In her fabulous article on the harmful practice of comparisonitis, Jemima Atar explained the difference between a helpful use of comparison and its destructive cousin, where we find ourselves in a shame spiral after obsessing over another person’s achievements.
Unless you’re a Buddhist monk who’s attained nirvana, you’ve probably experienced your own bout of comparisonitis. Even the most well-adjusted adults are bound to have early memories from childhood of feeling like a failure when comparing themselves to that star classmate—the one who aced the spelling bee, was picked first for every team during gym class, or had the coolest, most expensive toys. “Thou shalt not envy” didn’t make it to the top ten commandments because it’s easy to avoid. In many ways, it’s one of the easiest things to do in the world.
Comparison is a natural human impulse. We make sense of the world through comparisons. It’s how we make decisions and measure progress. But as Jemima noted, when comparing yourself to others, there’s a difference between a healthy, productive practice and a spiraling, self-flagellating one. While all of us lovely, flawed individuals fall prey to this practice, I’d posit that it’s even more pronounced by gender and profession. I’m speaking in particular about cutthroat careers that are characterized by the spirit of scarcity and competition, in which women tend to have way more competition for fewer spots. Namely: the entertainment industry.
As Jemima explained, comparisonitis is bred from a scarcity mindset, and when you’re a performer who routinely waits in a room of 20 other women who look exactly like you, all vying for the one paid spot in a laundry detergent commercial, well, it’s hard to feel like success is abundant. (I could write a thousand articles about the brokenness of the entertainment industry, which only in the past decade got the memo that women’s stories are indeed, worth telling to the wider world, and that you don’t have to have a total sausage fest to get butts in seats, but for now, I’ll just allow myself a truncated rant.)
There is a wild number of talented women in the world, and we are taught literally starting in elementary school that we’ll have to be cutthroat to succeed, because most of the written material out there for school productions strongly favors male casts. This is especially true of traditional musicals with huge choruses. I can’t even describe the rage of high school Nikki in performing arts, debating which big musical our high school would produce. Time and time again, old classics like Carousel or Camelot would require gobs of male talent our high school simply didn’t have with slim pickings for the ladies: so you’d get a first-time acting male sophomore in a supporting lead, while our oodles of All-State Chorus-qualifying female singers were relegated to understudy and minor speaking roles. (What, me, bitter?)
High school productions are one thing, but the professional industry of entertainment is not all that different. Even with recent advancements in Hollywood production featuring a greater diversity of stories, there’s still countless tales of men “failing upward”—the hot guy delivering pizza in LA who becomes a movie star—while every woman you see grace the stage or screen has clawed her way to that success. So again: it’s not surprising that, generally speaking, women in entertainment often feel pitted against one another by default. In fact, I’d say it’s pretty much expected—it’s even a celebrated tradition; see: All About Eve. And that sucks. (Though Bette Davis being deliciously bitchy is always a delight.)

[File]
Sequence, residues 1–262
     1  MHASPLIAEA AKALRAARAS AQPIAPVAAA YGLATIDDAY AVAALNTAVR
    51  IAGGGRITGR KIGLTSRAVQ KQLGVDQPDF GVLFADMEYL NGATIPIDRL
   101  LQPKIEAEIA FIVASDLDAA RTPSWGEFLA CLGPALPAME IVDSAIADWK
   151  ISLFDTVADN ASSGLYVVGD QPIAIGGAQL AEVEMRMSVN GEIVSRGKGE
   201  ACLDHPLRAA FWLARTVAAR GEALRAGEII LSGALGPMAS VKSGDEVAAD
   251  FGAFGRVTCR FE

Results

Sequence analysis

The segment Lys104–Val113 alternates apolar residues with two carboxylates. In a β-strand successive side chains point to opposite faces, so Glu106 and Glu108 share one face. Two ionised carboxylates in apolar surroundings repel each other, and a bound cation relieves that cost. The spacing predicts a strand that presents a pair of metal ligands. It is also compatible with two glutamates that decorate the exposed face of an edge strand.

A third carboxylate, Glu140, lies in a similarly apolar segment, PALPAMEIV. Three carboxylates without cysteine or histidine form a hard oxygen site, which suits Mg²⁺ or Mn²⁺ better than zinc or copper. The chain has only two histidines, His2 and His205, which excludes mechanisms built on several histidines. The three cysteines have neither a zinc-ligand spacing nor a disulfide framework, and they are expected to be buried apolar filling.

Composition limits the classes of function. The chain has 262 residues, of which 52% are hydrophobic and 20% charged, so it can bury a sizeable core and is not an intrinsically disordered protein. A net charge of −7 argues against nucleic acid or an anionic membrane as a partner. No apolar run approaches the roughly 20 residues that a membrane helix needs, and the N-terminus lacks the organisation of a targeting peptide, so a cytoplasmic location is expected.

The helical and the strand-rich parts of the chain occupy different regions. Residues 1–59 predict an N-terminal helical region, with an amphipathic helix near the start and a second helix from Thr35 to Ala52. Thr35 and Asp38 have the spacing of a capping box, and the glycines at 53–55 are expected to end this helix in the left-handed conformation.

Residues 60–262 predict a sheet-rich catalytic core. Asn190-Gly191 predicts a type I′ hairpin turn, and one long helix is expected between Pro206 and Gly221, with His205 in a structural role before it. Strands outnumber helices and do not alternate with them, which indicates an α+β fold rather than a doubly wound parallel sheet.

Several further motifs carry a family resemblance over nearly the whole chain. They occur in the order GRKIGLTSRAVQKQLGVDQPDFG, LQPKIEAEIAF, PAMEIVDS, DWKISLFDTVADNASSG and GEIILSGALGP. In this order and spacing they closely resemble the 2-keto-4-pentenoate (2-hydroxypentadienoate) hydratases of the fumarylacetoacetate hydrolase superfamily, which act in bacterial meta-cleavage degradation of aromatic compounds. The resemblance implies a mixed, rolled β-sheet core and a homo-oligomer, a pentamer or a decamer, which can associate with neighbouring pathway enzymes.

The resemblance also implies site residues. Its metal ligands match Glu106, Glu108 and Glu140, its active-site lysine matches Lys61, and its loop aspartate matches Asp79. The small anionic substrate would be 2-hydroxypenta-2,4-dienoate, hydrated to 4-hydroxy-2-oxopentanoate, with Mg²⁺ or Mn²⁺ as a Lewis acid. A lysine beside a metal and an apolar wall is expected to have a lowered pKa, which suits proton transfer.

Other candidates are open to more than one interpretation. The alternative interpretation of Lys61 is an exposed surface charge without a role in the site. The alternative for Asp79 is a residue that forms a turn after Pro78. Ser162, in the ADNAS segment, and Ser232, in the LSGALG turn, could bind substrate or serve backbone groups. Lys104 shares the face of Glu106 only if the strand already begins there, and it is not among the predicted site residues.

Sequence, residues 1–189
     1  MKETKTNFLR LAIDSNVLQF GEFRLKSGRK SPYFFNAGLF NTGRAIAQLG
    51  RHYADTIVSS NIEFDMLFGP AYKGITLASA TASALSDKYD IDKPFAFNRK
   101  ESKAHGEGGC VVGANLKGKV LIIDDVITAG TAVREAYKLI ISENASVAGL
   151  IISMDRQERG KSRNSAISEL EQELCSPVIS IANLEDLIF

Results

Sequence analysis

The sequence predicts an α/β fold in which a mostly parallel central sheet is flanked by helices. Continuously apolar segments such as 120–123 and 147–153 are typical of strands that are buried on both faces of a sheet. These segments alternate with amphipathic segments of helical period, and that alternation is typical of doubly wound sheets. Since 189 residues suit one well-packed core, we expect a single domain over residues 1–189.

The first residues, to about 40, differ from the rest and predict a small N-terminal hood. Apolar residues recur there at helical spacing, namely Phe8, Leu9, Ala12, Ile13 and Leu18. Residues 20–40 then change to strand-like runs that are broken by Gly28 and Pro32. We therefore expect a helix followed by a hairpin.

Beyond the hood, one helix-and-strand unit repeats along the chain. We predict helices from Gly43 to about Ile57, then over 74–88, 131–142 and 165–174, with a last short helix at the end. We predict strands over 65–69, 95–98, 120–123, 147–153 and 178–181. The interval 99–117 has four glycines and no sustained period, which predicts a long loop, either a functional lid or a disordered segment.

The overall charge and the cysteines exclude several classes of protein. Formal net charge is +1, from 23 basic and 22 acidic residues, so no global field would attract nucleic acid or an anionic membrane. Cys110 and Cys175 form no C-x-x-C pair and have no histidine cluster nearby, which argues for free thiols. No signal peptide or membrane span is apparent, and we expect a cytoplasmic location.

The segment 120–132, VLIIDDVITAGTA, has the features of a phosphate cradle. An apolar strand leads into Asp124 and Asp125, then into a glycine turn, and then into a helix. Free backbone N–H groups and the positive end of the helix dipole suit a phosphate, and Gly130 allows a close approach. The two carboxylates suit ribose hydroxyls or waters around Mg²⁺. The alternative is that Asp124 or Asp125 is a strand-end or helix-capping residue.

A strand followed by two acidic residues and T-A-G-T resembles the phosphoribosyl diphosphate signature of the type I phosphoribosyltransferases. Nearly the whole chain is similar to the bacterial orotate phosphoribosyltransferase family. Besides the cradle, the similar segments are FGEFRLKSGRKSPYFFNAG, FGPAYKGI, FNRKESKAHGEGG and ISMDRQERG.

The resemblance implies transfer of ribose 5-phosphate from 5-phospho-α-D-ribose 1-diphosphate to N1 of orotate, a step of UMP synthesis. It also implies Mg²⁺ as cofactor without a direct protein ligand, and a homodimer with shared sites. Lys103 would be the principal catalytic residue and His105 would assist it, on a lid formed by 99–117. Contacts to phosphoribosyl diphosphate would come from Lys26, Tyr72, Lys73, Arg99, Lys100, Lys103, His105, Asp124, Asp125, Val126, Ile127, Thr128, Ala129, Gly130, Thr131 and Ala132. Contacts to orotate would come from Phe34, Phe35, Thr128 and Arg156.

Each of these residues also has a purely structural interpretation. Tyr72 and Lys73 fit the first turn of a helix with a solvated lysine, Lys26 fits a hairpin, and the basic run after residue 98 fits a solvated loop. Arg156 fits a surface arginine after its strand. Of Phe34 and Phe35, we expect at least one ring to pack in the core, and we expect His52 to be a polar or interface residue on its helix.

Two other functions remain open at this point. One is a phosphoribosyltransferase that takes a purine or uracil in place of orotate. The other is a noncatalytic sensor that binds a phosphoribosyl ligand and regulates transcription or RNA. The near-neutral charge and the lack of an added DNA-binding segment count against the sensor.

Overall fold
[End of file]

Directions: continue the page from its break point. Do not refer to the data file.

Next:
Once, in my earlier days, I had a comedic viral video that hit big. I’d been self-producing comedy for years, but this one just landed right in the zeitgeist, and suddenly I was getting the praise and attention I’d longed for after years of dwelling in obscurity. My college alumni magazine reached out to interview me, which was super cool—until we got to one question in particular. Another Princeton alumni, Ellie Kemper, was blasting into comic stardom with The Office and Bridesmaids. Even in college, she was a brilliant comic performer: she was a senior when I was a freshman, and when we did a scene together in an acting class, I felt like I was acting opposite a total star, even then. I had always admired her natural comedic brilliance—I can think of no one more deserving of success than her. The interviewer brought Ellie up as another “funny alumni,” and, commenting on her success, he then asked “are you jealous?”
My draw dropped. Why, because there’s only one funny woman per university allowed? I was galled. I cannot imagine anyone asking this question of a male performer. And while sure, it would be easy to be jealous of her success, I’m happy to say I wasn’t. But wow. Everyone expected me to be. And again: that sucks.
But it doesn’t have to be that way. Even when you’re in competition, you can resist the pull of comparisonitis, reminding yourself that each person is on their own journey. And even if there is still a scarcity of female-empowering roles along your dream career path, the solution is not to cut each other down, but to lift each other up. The more women who succeed professionally in male-dominated fields—whether that be in Hollywood, Washington D.C., or Silicon Valley—the better it is for all of us. It clears the way just a little bit more and opens up new possibilities.
So next time you find yourself in a spiral of comparisonitis, switch your perspective: see it as inspiration. “If she can do it, so can I.” In a scarcity mindset, success is a coveted seat in a small lifeboat you’re scrambling over others to reach; but in a mindset of abundance, success is the rising tide: it can lift all our individual ships.
As 2023 progresses, I’ll keep aiming for my own success, but what I really hope is that we’ll all succeed, together.
Tags mentioned:Mental health Psychology Wellness